Data Quality - Defining Accuracy Thresholds
By Rob Reynolds on Oct 29, 2008
As discussed in my previous post, sometimes data doesn’t necessarily have to be 100% accurate to be effective or actionable. So if there are thresholds to when information is “good enough” for decision making, how do we determine them?
The most common technique is to examine the decisions that the information will be supporting. Are the decisions time critical? Forward looking leading indicators that have impact on future results often do not require 100% accuracy due to their predictive nature. An example would be a sudden increase in sales pipeline that would trigger the need to increase production capacity.
Are the decisions based on information that is statistical in nature or broad enough where a wide set of information will be rolled up to a large order of magnitude? Measures that appear on a KPI/Balanced Scorecard can actually be allowed to be in error a few decimal points, because rounding can cover up a host of sins. Other measures may need to be very precise and the data supplying the algorithms must be accurate, such as creating financial reports.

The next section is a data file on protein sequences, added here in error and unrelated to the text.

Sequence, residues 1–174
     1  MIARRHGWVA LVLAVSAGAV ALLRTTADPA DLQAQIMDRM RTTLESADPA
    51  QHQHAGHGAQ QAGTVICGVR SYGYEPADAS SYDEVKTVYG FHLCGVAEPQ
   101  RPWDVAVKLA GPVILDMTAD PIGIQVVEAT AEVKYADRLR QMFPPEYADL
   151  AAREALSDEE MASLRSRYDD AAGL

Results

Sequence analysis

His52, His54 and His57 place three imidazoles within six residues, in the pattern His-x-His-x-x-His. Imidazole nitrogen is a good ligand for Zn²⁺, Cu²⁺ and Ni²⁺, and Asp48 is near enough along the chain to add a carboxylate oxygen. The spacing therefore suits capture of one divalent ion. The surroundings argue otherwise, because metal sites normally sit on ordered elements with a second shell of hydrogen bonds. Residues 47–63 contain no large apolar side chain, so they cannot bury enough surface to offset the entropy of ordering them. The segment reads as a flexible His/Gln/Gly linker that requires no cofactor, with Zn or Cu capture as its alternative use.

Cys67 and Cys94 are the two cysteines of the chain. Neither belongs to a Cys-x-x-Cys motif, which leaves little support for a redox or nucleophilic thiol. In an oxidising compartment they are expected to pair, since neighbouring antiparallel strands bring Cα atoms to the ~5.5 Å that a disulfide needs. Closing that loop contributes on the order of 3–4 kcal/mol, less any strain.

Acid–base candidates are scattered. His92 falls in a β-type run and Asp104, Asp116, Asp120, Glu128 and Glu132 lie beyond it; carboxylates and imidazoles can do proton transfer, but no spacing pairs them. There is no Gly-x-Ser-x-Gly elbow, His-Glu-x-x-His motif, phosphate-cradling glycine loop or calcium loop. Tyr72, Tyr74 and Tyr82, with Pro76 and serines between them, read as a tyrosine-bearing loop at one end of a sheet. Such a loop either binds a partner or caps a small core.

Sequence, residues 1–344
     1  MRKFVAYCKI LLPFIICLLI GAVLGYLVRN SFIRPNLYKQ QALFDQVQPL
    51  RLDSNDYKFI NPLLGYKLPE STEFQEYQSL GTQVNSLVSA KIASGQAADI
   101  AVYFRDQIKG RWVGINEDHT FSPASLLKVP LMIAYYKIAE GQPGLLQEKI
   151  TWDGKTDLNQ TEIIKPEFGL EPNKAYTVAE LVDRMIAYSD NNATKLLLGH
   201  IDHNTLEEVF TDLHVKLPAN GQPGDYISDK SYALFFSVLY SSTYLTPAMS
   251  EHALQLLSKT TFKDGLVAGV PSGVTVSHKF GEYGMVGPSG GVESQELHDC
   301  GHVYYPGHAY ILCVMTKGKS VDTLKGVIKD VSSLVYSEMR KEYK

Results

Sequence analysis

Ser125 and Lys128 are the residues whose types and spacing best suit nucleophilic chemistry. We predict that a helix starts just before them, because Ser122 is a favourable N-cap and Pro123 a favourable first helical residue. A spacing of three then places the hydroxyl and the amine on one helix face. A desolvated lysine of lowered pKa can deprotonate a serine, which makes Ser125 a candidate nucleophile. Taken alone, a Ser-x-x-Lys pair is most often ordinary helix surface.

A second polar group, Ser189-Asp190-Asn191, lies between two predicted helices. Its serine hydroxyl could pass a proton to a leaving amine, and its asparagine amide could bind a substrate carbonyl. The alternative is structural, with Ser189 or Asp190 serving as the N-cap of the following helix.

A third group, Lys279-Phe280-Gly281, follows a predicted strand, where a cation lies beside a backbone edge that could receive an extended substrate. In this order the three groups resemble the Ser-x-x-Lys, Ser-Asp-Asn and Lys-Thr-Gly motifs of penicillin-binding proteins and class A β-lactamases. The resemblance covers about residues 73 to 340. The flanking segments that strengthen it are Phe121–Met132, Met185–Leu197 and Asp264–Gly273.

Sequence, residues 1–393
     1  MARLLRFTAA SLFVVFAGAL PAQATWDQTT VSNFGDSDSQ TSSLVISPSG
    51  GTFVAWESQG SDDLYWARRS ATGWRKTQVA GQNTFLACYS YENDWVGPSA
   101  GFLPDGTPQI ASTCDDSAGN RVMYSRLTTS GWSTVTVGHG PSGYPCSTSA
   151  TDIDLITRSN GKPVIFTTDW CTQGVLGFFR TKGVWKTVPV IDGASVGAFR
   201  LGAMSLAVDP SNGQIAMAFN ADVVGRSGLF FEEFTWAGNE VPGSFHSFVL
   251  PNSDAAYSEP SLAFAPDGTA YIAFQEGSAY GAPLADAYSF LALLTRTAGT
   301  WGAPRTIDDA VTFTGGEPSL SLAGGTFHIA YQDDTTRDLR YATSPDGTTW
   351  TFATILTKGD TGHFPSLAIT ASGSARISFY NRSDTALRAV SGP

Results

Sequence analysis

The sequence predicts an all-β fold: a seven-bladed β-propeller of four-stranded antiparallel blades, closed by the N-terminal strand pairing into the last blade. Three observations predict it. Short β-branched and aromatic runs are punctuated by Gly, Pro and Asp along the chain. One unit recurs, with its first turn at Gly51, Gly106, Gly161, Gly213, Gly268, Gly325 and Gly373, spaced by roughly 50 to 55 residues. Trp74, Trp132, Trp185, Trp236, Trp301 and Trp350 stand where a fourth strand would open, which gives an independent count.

Capturing the requirements for effectiveness of information verses timeliness we can then start to have conversations with business leaders about thresholds for data accuracy. Once thresholds are established, standard deviations can be used to mange the on-going effectiveness of information. Periodic review of data quality deviations is required to avoid gradual erosion in accuracy and effectiveness.
The key principle is to define and measure the degree to which the BI/DW system is becoming a vital source of reliable information. As long as the information creates decisions that add value, the information is "good enough." And most importantly BI team must ensure that the information being produced is "actionable."